Archive for the 'Printing' Category

Is Technology Paving the Way for More Print Marketing?

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Digital technology could get in its own way, causing a print resurgence.

I’m going out on a limb and assert that digital technology will ultimately cause a resurgence of print marketing. There are two main reasons for what may seem like a crazy notion:

First, the sheer volume of digitally driven communications is crushing consumers. The spam call epidemic alone is taking a huge toll on mobile marketing. First Orion, a call protection company, conducted a study that predicts half of all mobile calls will be spam robocalls in 2019. The study analyzed data from 50 billion calls over 18 months. It found that spam phone calls increased from 3.7% of total calls in 2017 to 29.2% in 2018. It further forecasts that number will reach 44.6% by early 2019, and then continue rising until half of all calls are spam by the year’s end. (Source: Nicole Lyn Pesce, “Here’s why you’re getting so many spam phone calls,” Moneyish)

And while there are aggressive attempts to combat the problem ranging from call screening apps to an FCC-created Robo Strike Force, the technology enabling robo calls is cheap (a fraction of a penny per call), which makes the barrier entry low. The culprits are difficult to track and obviously find enough success to continue the practice despite substantial efforts to stop them.

And when you consider that many of these calls are not just unsolicited and unwanted, but also scams, you understand why mobile phone users are beginning to fear the sound of their ring tone. The crisis is making consumers more guarded about how they use their mobile phones and what messaging they’ll accept—nothing that bodes well for legitimate marketers.

So, why not do more email marketing?

Companies did, chalking up an 18% increase in 2017 for a total of more than 30 billion emails sent, according to a comprehensive study by Yes Lifestyle Marketing. One of the challenges reported, however, is that the share of new subscribers in marketers’ databases consistently declined throughout the year. New subscriptions fell to their lowest point in the fourth quarter, accounting for just 3.5 percent of marketers’ mailable audience.

Plus, the benchmark study showed that 20 percent of brands’ mailable audiences (people who opted-in to receive emails) hadn’t opened an email in more than a year. That represents a 22.5% year-over-year jump in inactive subscribers. (Source: Amy Gesenhue, “Email marketing report: Email volume was up 18% in 2017,” Marketing Land)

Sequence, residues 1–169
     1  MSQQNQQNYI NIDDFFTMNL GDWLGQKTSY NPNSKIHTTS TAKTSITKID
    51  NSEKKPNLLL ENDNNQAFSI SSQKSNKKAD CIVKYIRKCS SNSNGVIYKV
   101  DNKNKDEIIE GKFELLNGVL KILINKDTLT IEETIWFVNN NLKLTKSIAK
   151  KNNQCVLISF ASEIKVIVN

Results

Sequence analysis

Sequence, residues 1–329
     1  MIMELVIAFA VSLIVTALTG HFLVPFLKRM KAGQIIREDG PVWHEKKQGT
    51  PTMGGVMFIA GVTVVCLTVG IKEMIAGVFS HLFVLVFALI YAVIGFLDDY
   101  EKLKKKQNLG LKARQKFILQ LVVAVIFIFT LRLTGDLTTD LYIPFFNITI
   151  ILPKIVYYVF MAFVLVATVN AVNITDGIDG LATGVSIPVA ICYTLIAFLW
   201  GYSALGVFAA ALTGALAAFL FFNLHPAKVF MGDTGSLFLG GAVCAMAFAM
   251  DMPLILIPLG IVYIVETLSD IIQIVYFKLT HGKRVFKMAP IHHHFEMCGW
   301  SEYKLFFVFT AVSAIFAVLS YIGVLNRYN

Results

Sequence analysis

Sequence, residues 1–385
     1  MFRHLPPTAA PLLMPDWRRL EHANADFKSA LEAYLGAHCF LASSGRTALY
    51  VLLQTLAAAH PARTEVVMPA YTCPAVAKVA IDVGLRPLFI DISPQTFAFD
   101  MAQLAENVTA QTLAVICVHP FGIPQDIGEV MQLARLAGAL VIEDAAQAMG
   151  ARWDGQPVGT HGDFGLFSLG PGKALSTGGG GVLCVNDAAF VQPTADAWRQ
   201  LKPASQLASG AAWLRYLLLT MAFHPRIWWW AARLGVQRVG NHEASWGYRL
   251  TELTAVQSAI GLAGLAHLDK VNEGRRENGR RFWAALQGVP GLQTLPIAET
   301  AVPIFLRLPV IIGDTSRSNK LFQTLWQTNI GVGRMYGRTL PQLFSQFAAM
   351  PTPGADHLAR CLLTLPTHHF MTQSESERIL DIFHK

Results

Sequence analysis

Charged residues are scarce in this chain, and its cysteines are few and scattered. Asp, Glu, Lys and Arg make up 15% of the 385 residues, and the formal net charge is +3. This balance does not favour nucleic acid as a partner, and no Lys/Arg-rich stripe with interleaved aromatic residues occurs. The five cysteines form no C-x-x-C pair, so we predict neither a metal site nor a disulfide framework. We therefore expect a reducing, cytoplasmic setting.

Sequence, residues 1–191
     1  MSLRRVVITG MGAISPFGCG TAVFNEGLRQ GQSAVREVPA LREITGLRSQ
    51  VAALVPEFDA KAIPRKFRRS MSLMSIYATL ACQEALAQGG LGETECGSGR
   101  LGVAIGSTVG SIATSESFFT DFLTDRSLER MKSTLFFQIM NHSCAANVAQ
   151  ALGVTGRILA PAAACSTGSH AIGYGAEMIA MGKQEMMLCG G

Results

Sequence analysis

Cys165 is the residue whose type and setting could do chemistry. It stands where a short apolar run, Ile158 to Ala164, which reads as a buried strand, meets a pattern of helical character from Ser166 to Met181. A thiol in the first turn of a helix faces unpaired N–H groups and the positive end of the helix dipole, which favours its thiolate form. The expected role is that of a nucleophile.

In short, people aren’t exactly lining up to receive your newsletters and email promotions, either.

Second, technology and privacy laws are likely to give consumers more screening power. We currently can create great one-to-one email campaigns based on information we gather electronically at critical data points. But what if privacy laws or technology providers give consumers the ability to mask simple inbox behaviors such as opens and clicks?

“We can expect ever greater restrictions imposed on marketers,” says Andrew Bonar, Founder of deliverability consultancy Deliverability Ltd. “We can expect users to demand the right to opt-out of many tools and data points that marketers take for granted. Open tracking, device tracking, location tracking, click-through behavior and other data may all be subject to subscriber opt-ins and opt-outs.” (Source: Chad White, “These Are the Biggest Disruptors to the Future of Email Marketing,” Convince and Convert with Jay Baer)

Then there’s the whole issue of getting things smaller. With most emails now opened on mobile phones, you already need to make your message work on a 4” x 6” screen. Shorter copy. Fewer images.  Singe calls-to-action. Imagine if mobile phones are replaced by wearable technology such as the Apple Watch. How will you adjust your marketing messages?

I could easily go on, but I think you get the idea: digitally based marketing technologies could start to make print look like an even more attractive alternative.

Contact me if you’d like to explore how print might fit into your marketing strategy.

 


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